Interesting tidbits

Suppose There Is NO Other Life in the Universe – A New Look at the Drake Equation

So why do I call my Revelation series a “new kind of science fiction?’

The reason is that it’s just different.   For example, what other science fiction book uses the premise that life exists no were else in the universe?  Not many, I’ll bet.

Space Looks Pretty Empty
Space Looks Pretty Empty

Just about everyone, including most very well known scientists/TV stars, believe that there is other life out there.  Many of them think the universe is teaming with life.

They may be right about that, but there is no way to know for sure.  It’s just a guess on their part – a guess normally made using a probability argument.  You’ve heard it; it goes like this:  “There are so many stars and planets, the odds say there MUST be other life out there.”

A scientist named Drake even came up with a fancy sounding equation to help calculate how much life might be out there.  He did this in 1961 and it’s still being sited, over 50 years later.  I’ll spare you the details, but basically Drake said that you just needed to know how many potentially habitable planets there were.  You then multiplied that number by the probability that life would appear on a planet.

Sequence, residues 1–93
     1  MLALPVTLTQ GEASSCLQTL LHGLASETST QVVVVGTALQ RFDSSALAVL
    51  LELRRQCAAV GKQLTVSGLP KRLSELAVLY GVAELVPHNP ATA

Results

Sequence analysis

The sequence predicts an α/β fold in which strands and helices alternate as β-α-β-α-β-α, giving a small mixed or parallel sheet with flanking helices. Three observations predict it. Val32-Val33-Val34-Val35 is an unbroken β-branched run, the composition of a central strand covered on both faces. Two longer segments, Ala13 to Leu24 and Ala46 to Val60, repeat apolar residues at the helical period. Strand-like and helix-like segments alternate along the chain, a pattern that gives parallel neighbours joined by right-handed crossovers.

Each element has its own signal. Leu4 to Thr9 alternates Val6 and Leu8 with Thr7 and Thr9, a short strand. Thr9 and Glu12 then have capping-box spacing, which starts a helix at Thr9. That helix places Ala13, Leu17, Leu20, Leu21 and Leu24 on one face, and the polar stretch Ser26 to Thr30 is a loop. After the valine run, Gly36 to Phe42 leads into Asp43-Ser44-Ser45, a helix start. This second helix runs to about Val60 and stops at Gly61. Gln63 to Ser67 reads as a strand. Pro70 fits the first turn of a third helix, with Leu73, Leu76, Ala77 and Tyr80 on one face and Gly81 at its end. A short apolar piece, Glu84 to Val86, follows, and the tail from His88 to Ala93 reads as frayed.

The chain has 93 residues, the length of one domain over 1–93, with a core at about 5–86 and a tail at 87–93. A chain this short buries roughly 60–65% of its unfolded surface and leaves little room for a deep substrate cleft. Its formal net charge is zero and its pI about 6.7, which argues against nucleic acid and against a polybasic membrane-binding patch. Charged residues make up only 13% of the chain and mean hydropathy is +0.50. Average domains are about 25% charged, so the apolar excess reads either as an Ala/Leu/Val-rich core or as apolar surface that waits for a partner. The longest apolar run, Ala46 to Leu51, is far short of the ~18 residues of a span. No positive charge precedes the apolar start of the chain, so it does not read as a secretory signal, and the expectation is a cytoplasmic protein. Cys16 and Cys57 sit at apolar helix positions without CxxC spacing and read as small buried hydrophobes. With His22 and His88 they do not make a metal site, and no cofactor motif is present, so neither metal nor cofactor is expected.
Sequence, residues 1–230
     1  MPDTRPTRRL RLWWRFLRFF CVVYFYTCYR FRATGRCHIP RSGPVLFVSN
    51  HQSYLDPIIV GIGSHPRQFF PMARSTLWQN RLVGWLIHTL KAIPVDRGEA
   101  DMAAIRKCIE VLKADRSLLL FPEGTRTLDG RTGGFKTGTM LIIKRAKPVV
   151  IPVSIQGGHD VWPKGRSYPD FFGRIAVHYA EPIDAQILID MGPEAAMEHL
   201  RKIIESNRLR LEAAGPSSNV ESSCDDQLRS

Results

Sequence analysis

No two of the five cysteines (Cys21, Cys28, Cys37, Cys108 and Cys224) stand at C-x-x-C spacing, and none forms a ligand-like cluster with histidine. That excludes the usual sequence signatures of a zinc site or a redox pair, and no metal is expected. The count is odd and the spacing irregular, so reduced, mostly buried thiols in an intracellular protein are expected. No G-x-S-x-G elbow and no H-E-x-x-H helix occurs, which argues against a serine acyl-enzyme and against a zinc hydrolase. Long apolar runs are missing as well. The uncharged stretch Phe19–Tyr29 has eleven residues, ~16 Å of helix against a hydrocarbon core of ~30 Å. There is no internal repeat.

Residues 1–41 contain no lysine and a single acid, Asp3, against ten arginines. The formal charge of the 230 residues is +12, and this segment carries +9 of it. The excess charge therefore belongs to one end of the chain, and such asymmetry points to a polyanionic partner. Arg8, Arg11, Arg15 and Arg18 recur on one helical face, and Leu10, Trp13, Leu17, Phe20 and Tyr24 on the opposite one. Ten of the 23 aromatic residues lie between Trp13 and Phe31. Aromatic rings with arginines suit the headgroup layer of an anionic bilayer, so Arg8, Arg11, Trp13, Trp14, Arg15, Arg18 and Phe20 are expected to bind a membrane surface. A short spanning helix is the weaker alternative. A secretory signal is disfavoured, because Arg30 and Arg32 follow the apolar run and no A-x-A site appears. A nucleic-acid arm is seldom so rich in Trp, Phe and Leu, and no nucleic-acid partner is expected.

Therefore, if you had a million planets and you decided that the odds of life appearing is 10%, you could reasonably expect to have 100,000 planets with life on them.

The math is easy, but there’s a pretty gigantic hole in this equation isn’t there?  Guessing the number of planets is not unreasonable, but how does one go about guessing the probability that life will appear?  You may guess it’s 1% and I may guess it’s 50%.  It could be anything.  It’s messy and, ultimately, meaningless.

Suppose the true odds are infinitesimally small, so small that there could never be enough planets to make it likely that there’s life anywhere else.

Or . . . suppose the odds are an even smaller number yet.  Suppose they are zero.  If you multiply any number of planets by a zero chance of life, you’ll always end up with zero.

“Wait, just wait!”  I can hear you now.  “It can’t be zero because we KNOW life exits on at least one planet.”

That’s true, but this argument assumes that life on Earth is a result of probabilities.  That’s what scientists believe after all.  However, suppose that’s not right.

Suppose life exits on Earth, not due to an act of chance, but an act of will.

That’s why this is a new kind of science fiction.